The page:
Military & Aerospace

The Military Must Find Its Voice
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Issue Vol. 26.4 Oct-Dec 2011 | Date : 05 Dec , 2011

Concluding Remarks

No symbol is more sacred in a democracy than the military uniform which commands nearly automatic and universal reverence. There is no question that our troops are courageous and selfless. They expose themselves to inconceivable dangers and fight for the sake of the country. The respect and gratitude that they are owed is axiomatic. However, the values of the military are an antithesis of the prevailing trends in society, at large. Its public image, our public discourse and our public policy strike a discordant note. We need to introspect. The soldiers are ‘one of us’ and society must share the burden of their upkeep, respect and reputation. The uniqueness of military values and command structure needs to be preserved. The military is a can-do institution. It is an organization that functions by group endeavour. As opposed to this, politics is a muddle of moral and practical compromise.

Editor’s Pick

It is a measure of the indifference of the political leadership about matters military, that war histories remain under wraps. The history of the 1965 war has recently been published. However, the primary documents that it is based upon are not available to researchers and the general public. The civilian bureaucracy has a stranglehold, without accountability. It is single-minded in its determination to deprive the Armed Forces of any credit for their contribution to national security and cohesion. The armed forces have begun to look – and sound – like just any other “department” of the government.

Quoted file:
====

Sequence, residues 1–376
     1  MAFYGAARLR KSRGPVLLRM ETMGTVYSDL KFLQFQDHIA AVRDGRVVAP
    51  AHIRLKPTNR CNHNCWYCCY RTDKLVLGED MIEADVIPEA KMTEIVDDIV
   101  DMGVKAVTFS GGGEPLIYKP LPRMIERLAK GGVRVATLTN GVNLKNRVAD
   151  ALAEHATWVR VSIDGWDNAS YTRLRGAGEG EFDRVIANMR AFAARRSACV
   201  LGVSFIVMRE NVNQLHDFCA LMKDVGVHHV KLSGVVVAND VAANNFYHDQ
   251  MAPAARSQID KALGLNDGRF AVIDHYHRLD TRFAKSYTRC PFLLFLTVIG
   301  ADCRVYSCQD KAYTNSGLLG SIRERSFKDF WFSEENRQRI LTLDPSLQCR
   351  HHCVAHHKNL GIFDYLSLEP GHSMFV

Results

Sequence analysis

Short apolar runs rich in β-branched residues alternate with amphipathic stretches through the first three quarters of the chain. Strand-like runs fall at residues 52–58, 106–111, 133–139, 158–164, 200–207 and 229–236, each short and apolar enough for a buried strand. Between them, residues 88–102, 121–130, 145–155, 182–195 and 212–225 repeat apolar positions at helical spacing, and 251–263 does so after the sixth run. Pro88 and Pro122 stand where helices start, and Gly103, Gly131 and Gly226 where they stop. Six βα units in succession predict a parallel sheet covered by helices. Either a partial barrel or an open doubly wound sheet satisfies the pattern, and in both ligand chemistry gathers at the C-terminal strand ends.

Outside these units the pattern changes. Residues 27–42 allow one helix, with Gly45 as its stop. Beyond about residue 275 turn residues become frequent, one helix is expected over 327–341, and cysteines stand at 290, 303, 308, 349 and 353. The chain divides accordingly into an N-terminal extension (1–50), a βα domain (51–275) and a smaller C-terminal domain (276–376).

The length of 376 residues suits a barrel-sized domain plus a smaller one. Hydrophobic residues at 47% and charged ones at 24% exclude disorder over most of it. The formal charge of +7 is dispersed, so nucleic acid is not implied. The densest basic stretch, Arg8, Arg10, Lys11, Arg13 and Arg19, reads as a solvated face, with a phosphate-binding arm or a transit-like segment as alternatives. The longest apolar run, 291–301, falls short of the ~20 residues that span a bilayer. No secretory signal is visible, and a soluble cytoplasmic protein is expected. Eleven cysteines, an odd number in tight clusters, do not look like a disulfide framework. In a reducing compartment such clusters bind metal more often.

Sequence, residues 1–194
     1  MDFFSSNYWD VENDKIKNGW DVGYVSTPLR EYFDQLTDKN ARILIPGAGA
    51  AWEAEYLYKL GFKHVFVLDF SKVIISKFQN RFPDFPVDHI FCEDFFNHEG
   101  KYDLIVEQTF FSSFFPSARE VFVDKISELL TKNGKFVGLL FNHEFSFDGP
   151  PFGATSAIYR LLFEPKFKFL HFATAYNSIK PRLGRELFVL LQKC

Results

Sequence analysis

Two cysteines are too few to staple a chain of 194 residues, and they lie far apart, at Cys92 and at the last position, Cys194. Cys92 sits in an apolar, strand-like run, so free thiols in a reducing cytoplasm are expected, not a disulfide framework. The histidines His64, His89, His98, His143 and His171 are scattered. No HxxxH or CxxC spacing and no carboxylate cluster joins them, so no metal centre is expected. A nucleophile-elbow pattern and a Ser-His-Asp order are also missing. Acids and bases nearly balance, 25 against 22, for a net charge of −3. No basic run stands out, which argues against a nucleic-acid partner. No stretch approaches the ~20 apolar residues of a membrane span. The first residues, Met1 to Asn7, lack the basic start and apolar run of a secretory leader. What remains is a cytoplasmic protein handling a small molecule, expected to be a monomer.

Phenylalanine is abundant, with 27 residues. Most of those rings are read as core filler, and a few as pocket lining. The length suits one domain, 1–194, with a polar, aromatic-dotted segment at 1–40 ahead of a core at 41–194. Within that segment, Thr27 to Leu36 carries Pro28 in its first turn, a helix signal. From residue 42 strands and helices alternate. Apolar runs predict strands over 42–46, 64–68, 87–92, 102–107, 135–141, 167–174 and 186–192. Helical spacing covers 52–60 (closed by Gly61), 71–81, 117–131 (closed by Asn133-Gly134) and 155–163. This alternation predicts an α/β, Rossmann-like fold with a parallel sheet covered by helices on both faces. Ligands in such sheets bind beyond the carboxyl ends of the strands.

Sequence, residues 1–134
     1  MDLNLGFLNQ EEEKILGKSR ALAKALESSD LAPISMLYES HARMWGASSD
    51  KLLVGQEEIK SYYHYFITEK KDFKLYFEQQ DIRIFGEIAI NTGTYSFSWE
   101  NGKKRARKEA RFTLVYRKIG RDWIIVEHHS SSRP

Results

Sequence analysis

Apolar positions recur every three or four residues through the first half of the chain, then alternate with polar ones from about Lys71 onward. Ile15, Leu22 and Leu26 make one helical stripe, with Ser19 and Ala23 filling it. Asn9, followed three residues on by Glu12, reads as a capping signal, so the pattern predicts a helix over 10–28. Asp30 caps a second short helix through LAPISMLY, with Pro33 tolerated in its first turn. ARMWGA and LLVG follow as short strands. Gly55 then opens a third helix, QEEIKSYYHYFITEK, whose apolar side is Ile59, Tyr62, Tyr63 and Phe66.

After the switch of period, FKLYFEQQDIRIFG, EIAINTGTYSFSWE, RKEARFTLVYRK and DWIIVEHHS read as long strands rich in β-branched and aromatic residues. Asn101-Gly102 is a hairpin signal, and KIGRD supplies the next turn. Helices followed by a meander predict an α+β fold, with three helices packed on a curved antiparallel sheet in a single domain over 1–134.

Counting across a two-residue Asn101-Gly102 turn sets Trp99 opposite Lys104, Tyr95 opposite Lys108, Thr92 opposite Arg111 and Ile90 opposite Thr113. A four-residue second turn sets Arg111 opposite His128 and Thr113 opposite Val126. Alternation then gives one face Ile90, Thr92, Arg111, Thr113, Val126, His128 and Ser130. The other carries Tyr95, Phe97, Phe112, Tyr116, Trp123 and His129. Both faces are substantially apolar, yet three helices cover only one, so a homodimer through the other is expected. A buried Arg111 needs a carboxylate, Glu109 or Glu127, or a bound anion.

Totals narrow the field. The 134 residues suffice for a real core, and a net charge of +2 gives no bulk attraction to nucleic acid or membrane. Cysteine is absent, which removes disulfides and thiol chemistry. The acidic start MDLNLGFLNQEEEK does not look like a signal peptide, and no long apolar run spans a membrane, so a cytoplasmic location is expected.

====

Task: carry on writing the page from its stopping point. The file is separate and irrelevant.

We have one of the finest, most loyal, disciplined armies in the world, willing to follow orders and, most important of all, take casualties. They deserve better leadership”¦

How can the military offer options or advice when the political leadership neither understands its potential and limitations nor sanctions long-term plans to create the capabilities necessary to meet emerging threats and challenges? There is an almost unbridgeable civil-military divide in our country. It does not augur well for national security. You never want to see your military brass on the defensive, whether facing the enemy, or your own media. We have one of the finest, most loyal, disciplined armies in the world, willing to follow orders and, most important of all, take casualties. They deserve better leadership, from within, and definitely from the political class. The fact remains that there does not seem to be political will to equip the armed forces suitably. Citizens and planners should appreciate that plans on paper, political rhetoric and diplomatic parleys cannot win wars. For this the military must speak up.

India faces complex external and internal security threats; and new challenges are emerging. Unresolved territorial disputes with China and Pakistan, insurgencies in Jammu & Kashmir and the northeastern states, the rising tide of left-wing extremism and the growing spectre of urban terrorism have vitiated India’s security environment and slowed down socio-economic growth. Yet, as the recent serial blasts at Mumbai have once again indicated, India’s national security continues to be sub-optimally managed.24

In passing it is relevant to quote T.S. Eliot:


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The views expressed are of the author and do not necessarily represent the opinions or policies of the Indian Defence Review.

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Col Harjeet Singh

Col Harjeet Singh

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